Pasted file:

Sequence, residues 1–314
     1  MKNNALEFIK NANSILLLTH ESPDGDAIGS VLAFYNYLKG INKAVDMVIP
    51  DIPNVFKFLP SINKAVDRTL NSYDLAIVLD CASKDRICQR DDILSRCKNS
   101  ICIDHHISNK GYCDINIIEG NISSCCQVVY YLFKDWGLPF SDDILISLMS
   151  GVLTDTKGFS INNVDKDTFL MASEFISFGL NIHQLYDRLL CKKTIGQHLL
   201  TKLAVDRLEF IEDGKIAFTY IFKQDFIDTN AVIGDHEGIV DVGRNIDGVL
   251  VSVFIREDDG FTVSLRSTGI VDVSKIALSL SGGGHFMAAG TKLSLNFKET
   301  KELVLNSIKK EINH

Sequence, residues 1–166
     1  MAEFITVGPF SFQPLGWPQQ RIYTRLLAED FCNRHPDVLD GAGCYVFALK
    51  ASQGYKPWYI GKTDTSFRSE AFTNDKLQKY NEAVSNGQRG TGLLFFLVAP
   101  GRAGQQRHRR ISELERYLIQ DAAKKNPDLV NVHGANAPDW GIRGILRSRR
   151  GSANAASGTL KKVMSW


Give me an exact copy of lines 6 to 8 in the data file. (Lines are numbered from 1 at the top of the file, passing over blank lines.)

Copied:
   201  TKLAVDRLEF IEDGKIAFTY IFKQDFIDTN AVIGDHEGIV DVGRNIDGVL
   251  VSVFIREDDG FTVSLRSTGI VDVSKIALSL SGGGHFMAAG TKLSLNFKET
   301  KELVLNSIKK EINH